Getting Better In Pro Sports, Ctd

A reader writes:

I know you aren’t big into sports, but I thought you’d be interested in something that’s making a few waves in the soccer world. Robbie Rogers is an American player who has played for the Columbus Crew and Leeds United. Early this morning, he announced on his blog that is gay and that he is retiring from soccer. He had some injury issues at Leeds, so I’m hoping that is the reason he’s hanging up his cleats. His blog post is here.

Another tempers the enthusiasm:

It’s too bad that he felt the need to wait until he quit the game to come out. I’d be very surprised if he’s the only gay man playing professional soccer. On the US women’s team there is at least one active player who came out of the closet.


Sure, soccer is not one of the Big 3 (not really close), but still, MLS averages about 18,000 fans per game, they’re on TV, top players are at least somewhat well known (David Beckham played here, after all!), etc. It ain’t nothin’.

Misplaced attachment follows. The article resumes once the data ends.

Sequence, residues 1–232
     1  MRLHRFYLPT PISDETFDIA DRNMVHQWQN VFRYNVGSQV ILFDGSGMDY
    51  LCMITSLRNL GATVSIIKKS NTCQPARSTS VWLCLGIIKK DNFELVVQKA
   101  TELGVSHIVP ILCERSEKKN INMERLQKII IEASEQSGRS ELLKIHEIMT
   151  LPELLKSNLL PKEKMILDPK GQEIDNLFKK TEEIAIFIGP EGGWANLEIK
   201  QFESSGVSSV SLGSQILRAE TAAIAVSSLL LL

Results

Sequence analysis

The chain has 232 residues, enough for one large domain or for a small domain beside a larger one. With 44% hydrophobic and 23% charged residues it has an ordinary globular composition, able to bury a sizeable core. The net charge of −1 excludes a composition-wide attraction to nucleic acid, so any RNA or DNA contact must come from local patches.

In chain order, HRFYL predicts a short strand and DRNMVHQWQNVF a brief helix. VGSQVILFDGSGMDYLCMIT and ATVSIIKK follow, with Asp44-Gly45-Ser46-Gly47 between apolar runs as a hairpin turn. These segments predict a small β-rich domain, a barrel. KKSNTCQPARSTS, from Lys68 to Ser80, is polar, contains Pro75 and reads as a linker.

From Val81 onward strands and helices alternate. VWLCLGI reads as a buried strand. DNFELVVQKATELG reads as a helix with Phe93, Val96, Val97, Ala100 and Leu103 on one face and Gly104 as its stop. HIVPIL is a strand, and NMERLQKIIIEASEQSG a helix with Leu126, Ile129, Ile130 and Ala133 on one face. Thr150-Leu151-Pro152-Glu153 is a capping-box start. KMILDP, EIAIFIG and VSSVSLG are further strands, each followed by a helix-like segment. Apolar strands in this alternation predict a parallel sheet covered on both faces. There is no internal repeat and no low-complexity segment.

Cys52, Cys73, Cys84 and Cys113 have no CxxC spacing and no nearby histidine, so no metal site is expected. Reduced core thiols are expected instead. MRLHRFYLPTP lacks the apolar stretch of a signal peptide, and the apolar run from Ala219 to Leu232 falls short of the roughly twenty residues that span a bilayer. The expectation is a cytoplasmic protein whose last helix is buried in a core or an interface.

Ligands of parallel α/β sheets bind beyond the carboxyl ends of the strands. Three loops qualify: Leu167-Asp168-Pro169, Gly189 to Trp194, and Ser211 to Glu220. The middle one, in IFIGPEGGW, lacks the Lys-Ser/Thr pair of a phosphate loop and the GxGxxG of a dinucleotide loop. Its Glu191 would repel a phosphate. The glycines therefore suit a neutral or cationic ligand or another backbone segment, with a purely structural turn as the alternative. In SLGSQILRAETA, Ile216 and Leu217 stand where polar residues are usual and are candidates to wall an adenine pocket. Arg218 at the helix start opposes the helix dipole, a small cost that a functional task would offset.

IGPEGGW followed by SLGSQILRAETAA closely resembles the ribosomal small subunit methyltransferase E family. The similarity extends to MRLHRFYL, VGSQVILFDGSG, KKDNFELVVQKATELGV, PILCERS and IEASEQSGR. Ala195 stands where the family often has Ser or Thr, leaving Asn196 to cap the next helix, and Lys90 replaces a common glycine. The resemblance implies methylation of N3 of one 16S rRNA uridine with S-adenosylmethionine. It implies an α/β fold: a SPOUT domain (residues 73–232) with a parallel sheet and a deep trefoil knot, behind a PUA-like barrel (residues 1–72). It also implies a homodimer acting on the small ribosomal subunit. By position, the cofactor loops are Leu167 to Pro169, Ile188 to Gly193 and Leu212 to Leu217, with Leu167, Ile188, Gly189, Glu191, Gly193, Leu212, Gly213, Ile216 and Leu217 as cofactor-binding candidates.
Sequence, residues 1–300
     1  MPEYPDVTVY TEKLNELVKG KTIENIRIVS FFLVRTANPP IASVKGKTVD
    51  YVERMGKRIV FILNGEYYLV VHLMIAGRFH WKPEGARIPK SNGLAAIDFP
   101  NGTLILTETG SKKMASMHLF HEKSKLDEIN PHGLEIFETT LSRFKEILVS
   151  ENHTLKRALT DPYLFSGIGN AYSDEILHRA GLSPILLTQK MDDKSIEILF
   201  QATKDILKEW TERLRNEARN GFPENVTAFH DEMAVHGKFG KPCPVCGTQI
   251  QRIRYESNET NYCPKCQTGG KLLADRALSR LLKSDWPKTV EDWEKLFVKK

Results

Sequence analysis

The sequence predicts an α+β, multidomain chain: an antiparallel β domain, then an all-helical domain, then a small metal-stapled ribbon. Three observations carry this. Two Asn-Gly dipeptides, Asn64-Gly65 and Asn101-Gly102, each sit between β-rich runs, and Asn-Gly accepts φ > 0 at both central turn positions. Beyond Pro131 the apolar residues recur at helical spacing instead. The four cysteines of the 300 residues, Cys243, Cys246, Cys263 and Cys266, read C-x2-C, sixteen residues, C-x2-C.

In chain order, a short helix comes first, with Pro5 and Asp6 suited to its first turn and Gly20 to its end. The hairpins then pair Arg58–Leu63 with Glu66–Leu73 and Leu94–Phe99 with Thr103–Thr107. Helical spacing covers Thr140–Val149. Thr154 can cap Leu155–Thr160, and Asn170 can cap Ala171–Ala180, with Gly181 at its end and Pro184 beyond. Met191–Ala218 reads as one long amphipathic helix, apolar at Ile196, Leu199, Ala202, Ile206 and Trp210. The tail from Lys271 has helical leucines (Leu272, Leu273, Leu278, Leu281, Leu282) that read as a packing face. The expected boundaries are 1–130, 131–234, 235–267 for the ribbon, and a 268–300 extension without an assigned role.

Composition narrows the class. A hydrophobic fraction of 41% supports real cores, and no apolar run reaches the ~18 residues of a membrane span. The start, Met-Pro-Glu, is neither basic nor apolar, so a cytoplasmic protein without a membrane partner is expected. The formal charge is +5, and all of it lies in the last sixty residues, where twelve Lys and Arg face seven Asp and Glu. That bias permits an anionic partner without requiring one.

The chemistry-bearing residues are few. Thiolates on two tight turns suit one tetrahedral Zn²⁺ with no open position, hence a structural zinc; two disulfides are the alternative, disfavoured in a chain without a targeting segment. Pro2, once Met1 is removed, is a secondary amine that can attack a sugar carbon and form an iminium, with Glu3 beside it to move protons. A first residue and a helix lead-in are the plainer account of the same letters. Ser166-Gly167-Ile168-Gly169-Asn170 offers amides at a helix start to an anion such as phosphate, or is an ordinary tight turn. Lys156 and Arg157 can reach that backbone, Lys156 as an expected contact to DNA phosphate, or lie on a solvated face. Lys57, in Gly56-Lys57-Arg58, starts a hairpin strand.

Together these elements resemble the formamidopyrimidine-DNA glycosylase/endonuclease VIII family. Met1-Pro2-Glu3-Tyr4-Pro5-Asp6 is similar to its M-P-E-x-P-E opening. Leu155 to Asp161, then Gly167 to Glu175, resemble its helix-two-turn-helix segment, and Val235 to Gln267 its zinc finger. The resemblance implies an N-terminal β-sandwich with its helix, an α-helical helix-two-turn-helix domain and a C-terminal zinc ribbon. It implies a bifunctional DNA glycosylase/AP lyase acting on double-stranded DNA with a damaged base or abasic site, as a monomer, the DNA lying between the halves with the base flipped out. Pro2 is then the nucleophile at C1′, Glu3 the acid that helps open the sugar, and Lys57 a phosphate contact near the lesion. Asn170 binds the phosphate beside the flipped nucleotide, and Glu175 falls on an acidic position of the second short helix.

Robbie Rogers made some appearances with the US National Team and recently played in England, and he’s only 25. He has been a top US player and he’s not old enough for his career to be over. He’s stepping away from the game, but if, as I hope, he comes back to MLS, he could be the first openly gay male athlete to compete in an American professional team sport.

Most interesting/encouraging were the reactions from other American soccer players, suggesting that he would be more than accepted. These are current and former top players, and their reactions were immediate and unequivocally supportive. My favorite was Eddie Pope’s: “@robbierogers Brave men like you will make it so that one day there’s no need for an announcement.That day can’t arrive soon enough.#Support”


The outpouring of support from fellow players and fans has been big. Top players from around the league and the national team all showing him public support and love.  Marc Burch was one of the first players to reach out and support him. Marc plays here in Seattle and while an otherwise nice guy, he let loose a vile slur at an opposing goalkeeper who was time-wasting in a playoff match at the end of last season. The reaction here was immediate and furious (obviously Seattle isn’t the kind of city where that would go well and soccer fans are an especially liberal crowd). He’s done a lot to show his remorse and reach out to the gay community, but it was good to see him immediately accepting and supporting Rogers.

Other signs of progress in the pro-sports world here.